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Investigation finds football friendlies at greater risk of manipulation

| By Robert Fletcher
A lack of regulatory oversight puts friendly matches in football at greater risk of match-fixing, according to a new report published today (1 December).

The investigation, conducted between 2016 and 2020, found suspicious activity in more than 250 friendlies involving European clubs.

Combating Match Fixing in Club Football Non-Competitive Friendlies, which was funded by the European Commission’s Erasmus+ programme and led by the University of Nicosia Research Foundation also surveyed 700 players, in Cyprus, Greece and Malta.

Of this number, 26.5% said they played in a club friendly they suspected had been manipulated.

More than a quarter (26.3%) of attempts to fix a friendly match were made by club officials, and 15.0% by other players.

“The combination of a lack of regulation, oversight and information makes these matches easier to manipulate than competitive matches,” lead investigator Professor Nicos Kartakoullis of the University of Nicosia said.

“This research shows that in terms of governance, friendly matches need to be considered just like competitive matches.”

The investigation concluded that international and national football federations were slow to establish where responsibility lies for friendlies. In particular, when clubs from different countries are involved in non-competitive matches played in a third, neutral country, there was little regulatory oversight.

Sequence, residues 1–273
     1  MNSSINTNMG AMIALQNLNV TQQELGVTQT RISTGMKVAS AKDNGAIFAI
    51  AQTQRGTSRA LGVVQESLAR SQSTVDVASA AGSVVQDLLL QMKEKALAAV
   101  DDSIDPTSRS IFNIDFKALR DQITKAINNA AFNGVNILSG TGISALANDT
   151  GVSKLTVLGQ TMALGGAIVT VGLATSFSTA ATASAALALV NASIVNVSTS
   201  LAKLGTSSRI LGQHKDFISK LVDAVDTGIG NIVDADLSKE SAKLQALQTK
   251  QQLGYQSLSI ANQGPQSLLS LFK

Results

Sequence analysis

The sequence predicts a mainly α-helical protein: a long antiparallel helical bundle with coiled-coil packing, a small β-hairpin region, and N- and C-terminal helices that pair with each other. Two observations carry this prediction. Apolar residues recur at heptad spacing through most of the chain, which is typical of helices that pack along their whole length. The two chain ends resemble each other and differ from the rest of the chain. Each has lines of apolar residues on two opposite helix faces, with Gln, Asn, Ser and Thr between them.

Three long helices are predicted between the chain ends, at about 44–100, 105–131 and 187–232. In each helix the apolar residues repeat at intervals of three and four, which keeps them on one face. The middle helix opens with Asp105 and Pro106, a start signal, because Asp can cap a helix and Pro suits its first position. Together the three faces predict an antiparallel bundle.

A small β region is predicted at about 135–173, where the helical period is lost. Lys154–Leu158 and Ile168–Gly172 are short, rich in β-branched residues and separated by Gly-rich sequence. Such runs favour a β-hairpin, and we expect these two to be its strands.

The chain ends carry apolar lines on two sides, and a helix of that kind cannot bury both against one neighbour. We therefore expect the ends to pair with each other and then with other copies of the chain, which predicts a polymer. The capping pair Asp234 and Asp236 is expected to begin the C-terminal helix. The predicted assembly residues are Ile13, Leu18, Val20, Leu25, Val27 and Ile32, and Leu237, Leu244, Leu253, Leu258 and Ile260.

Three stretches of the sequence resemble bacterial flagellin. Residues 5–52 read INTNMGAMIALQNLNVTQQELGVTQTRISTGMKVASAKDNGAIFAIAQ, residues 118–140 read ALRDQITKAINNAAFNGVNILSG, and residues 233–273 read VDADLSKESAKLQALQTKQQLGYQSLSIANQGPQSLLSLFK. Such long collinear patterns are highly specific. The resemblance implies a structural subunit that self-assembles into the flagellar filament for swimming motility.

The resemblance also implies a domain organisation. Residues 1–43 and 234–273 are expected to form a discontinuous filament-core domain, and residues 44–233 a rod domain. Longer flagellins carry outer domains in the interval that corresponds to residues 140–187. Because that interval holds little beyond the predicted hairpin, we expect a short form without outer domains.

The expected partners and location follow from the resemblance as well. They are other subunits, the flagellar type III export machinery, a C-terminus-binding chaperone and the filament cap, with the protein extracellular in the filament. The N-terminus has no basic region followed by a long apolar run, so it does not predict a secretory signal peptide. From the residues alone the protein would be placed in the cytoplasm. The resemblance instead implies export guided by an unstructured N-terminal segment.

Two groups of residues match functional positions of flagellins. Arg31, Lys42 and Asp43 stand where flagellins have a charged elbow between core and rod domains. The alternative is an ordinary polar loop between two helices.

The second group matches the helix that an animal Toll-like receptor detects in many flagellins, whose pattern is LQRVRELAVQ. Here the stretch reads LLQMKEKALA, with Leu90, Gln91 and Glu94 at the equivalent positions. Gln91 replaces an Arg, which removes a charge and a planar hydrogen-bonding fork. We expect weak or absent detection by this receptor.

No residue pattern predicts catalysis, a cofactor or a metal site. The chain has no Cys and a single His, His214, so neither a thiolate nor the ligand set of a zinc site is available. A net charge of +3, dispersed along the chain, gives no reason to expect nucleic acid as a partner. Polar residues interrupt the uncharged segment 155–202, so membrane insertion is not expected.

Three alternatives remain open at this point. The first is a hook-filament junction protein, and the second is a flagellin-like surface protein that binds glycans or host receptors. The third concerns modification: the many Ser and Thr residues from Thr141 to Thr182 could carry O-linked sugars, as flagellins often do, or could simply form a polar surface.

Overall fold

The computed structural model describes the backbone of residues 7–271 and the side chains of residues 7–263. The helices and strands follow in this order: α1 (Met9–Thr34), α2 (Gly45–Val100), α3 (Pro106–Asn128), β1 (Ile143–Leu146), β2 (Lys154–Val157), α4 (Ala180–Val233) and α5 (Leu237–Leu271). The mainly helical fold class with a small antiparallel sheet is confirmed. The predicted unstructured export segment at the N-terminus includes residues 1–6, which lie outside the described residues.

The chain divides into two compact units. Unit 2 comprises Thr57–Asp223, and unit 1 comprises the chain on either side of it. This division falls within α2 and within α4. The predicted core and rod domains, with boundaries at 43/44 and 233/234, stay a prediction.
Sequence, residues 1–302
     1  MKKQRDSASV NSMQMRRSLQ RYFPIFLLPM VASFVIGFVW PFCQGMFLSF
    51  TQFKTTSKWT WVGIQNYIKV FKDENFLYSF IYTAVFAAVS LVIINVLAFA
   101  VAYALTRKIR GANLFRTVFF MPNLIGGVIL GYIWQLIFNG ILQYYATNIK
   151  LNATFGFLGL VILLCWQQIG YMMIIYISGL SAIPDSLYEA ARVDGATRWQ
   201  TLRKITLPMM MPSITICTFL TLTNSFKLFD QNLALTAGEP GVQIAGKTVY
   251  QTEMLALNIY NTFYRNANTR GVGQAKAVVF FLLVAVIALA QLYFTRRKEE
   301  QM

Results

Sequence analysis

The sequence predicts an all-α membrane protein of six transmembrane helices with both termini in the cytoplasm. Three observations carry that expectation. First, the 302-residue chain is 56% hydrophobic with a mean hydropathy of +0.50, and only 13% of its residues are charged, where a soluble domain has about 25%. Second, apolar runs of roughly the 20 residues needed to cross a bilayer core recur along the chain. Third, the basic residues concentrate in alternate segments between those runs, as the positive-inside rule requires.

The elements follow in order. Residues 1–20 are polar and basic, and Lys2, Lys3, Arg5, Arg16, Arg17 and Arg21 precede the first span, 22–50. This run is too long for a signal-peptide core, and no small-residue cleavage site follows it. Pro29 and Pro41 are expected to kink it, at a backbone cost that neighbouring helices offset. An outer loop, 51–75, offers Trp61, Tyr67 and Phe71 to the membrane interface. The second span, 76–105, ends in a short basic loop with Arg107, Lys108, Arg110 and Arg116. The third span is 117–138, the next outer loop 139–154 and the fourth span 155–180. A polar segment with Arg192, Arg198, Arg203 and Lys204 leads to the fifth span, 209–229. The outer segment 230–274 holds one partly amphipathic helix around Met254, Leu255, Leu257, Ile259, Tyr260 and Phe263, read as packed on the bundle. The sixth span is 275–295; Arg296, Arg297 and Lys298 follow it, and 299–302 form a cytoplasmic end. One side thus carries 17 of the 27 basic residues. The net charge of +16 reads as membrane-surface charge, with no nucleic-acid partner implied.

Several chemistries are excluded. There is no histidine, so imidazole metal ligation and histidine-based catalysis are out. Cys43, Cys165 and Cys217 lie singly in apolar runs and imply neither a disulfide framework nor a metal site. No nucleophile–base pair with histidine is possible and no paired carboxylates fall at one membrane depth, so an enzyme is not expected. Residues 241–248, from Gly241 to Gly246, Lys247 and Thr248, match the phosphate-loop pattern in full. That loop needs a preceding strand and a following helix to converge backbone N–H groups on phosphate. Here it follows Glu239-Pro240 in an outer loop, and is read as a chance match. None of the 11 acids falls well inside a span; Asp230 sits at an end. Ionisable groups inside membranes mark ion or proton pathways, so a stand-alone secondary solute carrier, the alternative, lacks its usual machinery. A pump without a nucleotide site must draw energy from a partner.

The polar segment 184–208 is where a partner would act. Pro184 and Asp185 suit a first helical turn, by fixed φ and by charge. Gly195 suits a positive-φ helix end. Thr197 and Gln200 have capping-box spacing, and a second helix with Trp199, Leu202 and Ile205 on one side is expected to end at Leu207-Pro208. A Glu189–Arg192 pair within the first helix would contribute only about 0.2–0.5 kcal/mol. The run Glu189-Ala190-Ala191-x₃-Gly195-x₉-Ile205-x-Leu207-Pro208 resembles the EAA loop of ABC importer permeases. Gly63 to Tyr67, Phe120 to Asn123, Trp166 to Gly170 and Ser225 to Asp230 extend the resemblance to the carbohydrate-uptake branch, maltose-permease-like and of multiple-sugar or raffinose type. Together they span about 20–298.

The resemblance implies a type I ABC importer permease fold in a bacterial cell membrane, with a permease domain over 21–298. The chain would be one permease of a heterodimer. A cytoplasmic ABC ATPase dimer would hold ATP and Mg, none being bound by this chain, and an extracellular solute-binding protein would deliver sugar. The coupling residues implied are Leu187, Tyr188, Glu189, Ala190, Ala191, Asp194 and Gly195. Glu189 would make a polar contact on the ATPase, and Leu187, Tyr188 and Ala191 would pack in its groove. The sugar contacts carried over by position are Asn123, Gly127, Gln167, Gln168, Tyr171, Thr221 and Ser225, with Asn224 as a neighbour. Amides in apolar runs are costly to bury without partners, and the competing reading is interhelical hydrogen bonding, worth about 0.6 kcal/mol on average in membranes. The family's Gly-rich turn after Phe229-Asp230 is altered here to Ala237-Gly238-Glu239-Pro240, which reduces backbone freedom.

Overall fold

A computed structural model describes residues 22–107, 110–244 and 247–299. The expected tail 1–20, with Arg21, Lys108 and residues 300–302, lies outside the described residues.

Some European football federations, it noted, do not track where clubs go on pre-season and mid-winter tours to play friendly games. This lack of governance, coupled with the widespread availability of these matches on betting markets around the world – particularly in jurisdictions such as Curaçao and the Philippines – leaves them at greater risk of manipulation.

Data for these matches, investigators pointed out, is readily accessible to all operators, unlike competitive matches, which are generally covered by agreements between data providers and tournament organisers. This often means it is collected and sold to unregulated operators that do not feed into integrity monitoring systems, something researchers said was a blind spot in terms of market and consumer protection.

A series of recommendations were therefore made, starting with a call for European football governing body Uefa to ensure all its 55 member associations enforce regulation of friendlies.

It also recommended match agents be barred from owning or controlling clubs, which is already the case for player agents, while a new body should be established to represent match agents in future negotiations on regulation with international bodies such as Uefa or Fifa.

In addition, the report recommended new data standards be established, to prevent the sale of live match data to poorly regulated and unregulated betting operators.

The report was complied with support from associations such as EU Athletes, the International Centre for Sports Studies (CIES) and players’ unions from Cyprus, Greece and Malta, as well as input from the International Betting Integrity Association.

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